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'You lying b*****d': Bradley Wiggins has his say on Lance Armstrong's Oprah interview

Reigning Tour de France champ Bradley Wiggins says he still doesn’t believe that Lance Armstrong is telling the truth.

Image: Tim Ireland/PA Wire/Press Association Images

BRADLEY WIGGINS SLAMMED Lance Armstrong’s claims that he was clean when he returned to cycling in 2009 and said that he has no sympathy for the disgraced Texan.

Armstrong last week admitted that he used performance-enhancing drugs during his record run of seven Tour de France wins but insisted in his interview with Oprah Winfrey that he did not dope in the 2009 Tour.

Wiggins’ finish in 2009 was upgraded from fourth to third when Armstrong was stripped off all results from August 1998 onwards and, after watching the interview, the Team Sky star still does not believe Armstrong is telling the truth.

“What upset me the most was about 2009/10 — I thought, you lying bastard,” Wiggins said.

I can still remember going toe to toe with him and watching the man I saw on the top of Verbiers in 2009 to the man I saw on the top of Ventoux a week later when we were in doping control together. It wasn’t the same bike rider.

You only have to watch the videos of how the guy was riding. I don’t believe anything that comes out of his mouth anymore.

Wiggins admits he didn’t want to watch Armstrong’s confession because he had spent so long idolising the American as a youngster.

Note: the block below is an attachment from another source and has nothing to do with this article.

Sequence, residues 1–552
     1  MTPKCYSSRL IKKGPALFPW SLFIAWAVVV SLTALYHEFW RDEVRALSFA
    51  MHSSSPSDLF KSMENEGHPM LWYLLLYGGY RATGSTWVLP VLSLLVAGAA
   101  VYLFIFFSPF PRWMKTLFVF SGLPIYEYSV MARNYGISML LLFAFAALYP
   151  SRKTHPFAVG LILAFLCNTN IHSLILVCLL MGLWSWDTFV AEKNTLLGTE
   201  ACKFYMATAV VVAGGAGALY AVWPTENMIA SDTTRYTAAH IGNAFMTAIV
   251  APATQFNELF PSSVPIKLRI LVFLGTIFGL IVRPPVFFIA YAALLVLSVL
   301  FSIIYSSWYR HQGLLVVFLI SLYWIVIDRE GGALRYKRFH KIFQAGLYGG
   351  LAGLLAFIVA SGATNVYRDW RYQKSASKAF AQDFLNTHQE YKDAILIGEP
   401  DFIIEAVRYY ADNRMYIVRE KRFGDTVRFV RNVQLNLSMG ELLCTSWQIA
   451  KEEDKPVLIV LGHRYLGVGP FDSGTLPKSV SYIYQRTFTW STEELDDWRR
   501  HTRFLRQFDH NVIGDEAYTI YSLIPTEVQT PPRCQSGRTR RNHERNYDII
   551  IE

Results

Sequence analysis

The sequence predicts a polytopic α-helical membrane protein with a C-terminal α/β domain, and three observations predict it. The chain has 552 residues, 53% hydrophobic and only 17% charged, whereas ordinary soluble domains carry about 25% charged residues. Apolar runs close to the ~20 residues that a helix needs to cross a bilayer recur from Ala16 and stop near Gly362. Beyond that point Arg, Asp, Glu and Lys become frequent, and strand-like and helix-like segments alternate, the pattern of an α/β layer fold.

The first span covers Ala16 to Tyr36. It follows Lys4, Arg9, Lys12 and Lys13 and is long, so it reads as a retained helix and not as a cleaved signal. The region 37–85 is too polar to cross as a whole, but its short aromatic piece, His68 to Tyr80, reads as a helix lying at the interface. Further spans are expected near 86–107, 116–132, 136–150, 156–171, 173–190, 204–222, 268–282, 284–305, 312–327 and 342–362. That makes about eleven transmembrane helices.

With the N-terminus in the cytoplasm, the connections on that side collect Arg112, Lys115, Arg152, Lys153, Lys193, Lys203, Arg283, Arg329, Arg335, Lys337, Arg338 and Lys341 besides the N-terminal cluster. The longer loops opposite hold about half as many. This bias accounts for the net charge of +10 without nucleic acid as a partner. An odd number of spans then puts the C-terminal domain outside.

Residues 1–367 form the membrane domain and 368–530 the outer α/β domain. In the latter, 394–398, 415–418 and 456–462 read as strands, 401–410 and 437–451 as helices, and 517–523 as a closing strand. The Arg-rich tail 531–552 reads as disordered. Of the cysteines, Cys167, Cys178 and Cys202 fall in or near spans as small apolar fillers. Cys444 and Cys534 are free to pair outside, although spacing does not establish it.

And when he eventually did sit down with his seven-year-old son to see what Armstrong had to say, Wiggins found it hard to contain his anger.

“Part of me didn’t want to watch it, the fan in me didn’t want that perception of him to be broken as this amazing athlete,” Wiggins said.

Then I had to watch it. I watched it with my seven-year-old son. Those initial questions, the yes/no answers, just watching him suddenly cave in after all those years of lying so convincingly — it was a lot of anger, a lot of sadness and slightly emotional.

It was difficult to watch. My wife couldn’t watch it, she walked out of the room.

He added: “It was heartbreaking in some respects for the sport, but then the anger kicks in…the natural things that most people were thinking when they watched it.

“It’s very difficult and then I have to explain to my son what it’s all about.

“He’s won the same race your dad’s won, but by the end of the hour and a half I had the best feeling in the world about the whole thing.

“There was this element of being quite smug about the whole thing to be honest. Then I got quite ‘you deserve everything you get’ about it.

“In that hour and a half of watching the whole thing, the up and down of the emotions and by the end it was ‘you deserve everything you get now’ and feeling no sympathy whatsoever behind all the welling up and the tears.”

- © AFP, 2013

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